Those 140-character messages so many of us send out on Twitter aren’t as ephemeral as we might have thought – in fact, they’ll be saved for posterity and will become a tool for research and the kind of time travel historians do. This week, the Library of Congress announced (via its blog and Twitter) that it will be digitally archiving every public tweet sent out on Twitter since the service’s inception in March 2006. (See the announcement here: http://blogs.loc.gov/loc/2010/04/how-tweet-it-is-library-acquires-entire-twitter-archive/ .)
According to Librarian of Congress James H. Billington, "The Twitter digital archive has extraordinary potential for research into our contemporary way of life. This information provides detailed evidence about how technology based social networks form and evolve over time. The collection also documents a remarkable range of social trends." (Read more at http://www.loc.gov/today/pr/2010/10-081.html .)
The folks at Twitter blogged about their reasons for sharing the archive (http://blog.twitter.com/2010/04/tweet-preservation.html). Interestingly, there will be a six-month delay before public tweets are available for “internal library use, for non-commercial research, public display by the library itself, and preservation.”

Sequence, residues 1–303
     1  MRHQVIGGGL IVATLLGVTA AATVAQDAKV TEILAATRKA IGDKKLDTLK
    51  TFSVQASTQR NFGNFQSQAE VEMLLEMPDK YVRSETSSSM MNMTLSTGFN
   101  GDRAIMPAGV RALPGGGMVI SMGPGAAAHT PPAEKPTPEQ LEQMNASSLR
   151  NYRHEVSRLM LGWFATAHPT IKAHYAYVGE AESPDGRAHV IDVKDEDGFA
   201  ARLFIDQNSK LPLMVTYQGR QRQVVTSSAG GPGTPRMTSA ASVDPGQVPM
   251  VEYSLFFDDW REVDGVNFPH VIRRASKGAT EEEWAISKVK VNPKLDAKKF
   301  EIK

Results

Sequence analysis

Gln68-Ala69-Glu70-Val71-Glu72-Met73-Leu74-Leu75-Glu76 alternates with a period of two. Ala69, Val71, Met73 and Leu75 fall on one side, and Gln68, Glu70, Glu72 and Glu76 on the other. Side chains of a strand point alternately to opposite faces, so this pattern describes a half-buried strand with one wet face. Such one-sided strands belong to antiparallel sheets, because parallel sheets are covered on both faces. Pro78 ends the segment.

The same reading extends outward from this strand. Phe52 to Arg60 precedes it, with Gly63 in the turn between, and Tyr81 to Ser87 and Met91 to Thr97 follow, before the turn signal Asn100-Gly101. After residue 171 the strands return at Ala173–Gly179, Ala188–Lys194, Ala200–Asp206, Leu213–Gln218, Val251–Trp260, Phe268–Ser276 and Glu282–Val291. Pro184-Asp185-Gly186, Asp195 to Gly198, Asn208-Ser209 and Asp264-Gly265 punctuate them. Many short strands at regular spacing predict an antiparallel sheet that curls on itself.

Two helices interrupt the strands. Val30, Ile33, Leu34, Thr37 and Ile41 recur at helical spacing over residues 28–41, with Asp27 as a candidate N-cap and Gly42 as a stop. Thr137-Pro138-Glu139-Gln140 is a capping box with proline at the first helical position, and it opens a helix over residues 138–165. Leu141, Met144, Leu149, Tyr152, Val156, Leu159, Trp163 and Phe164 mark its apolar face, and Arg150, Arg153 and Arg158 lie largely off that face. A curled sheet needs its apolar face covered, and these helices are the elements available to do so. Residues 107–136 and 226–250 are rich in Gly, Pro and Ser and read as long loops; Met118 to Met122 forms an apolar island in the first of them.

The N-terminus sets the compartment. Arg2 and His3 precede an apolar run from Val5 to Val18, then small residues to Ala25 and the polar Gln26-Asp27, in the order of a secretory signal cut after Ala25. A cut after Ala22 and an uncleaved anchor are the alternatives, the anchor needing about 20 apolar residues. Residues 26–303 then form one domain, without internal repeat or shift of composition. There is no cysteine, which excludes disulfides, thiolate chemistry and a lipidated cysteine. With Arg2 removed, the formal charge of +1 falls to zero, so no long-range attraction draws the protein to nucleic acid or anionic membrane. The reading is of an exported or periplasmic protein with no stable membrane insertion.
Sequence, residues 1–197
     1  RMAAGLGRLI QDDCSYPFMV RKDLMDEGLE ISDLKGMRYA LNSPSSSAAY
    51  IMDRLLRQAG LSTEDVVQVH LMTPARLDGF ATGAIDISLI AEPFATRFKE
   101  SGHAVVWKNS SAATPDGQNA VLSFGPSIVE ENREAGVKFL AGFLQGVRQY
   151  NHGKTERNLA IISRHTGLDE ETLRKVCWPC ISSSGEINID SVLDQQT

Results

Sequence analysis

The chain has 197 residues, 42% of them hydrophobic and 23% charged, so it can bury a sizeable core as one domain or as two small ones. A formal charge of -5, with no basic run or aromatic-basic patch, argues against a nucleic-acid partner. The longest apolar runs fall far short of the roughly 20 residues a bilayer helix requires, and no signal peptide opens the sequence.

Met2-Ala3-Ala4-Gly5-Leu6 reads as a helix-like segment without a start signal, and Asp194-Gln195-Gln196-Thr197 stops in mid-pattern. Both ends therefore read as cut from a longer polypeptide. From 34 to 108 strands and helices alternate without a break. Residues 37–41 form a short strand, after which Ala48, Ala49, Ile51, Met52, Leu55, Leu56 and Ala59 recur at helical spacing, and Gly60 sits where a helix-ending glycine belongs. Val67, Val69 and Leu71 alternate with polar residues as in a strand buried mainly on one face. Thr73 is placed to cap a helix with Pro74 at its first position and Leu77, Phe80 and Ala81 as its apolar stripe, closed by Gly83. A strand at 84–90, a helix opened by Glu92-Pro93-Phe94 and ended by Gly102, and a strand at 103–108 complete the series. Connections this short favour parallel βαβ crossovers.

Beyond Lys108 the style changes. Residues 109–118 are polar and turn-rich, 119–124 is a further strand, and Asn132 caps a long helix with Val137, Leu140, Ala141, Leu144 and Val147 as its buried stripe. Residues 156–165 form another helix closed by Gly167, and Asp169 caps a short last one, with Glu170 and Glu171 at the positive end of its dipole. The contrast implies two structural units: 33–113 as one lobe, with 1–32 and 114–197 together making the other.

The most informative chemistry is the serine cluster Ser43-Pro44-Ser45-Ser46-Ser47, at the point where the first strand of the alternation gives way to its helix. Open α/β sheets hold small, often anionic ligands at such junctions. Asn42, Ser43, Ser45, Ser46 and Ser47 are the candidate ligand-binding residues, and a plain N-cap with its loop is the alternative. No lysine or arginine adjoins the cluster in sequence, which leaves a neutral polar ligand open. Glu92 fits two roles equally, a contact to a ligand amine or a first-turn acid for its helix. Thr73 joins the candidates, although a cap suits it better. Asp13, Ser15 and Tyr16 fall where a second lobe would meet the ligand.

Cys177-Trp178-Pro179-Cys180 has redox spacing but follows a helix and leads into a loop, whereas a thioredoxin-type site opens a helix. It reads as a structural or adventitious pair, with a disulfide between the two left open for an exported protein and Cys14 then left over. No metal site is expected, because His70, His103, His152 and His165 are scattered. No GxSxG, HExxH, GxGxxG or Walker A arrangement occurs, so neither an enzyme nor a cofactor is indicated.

That’s not the only new way that tweets are becoming research tools. Twitter also announced that Google has created a new way to revisit tweets related to historic events. Google Replay “lets you relive a real time search from specific moments in time.” According to Twitter, “Google Replay currently only goes back a few months but eventually it will reach back to the very first Tweets ever created. If you want to understand the popular contemporaneous reaction to the health care bill, you can virtually time travel and replay the Tweets.”
The mind reels at the possibilities for researchers and writers of all stripes, nevermind the equally tempting opportunities for pranksters. I’m curious to know where your reaction is on the spectrum from “Wow, what an amazing social research tool!” to “Just because we can, doesn’t necessarily mean we should.” What do you think?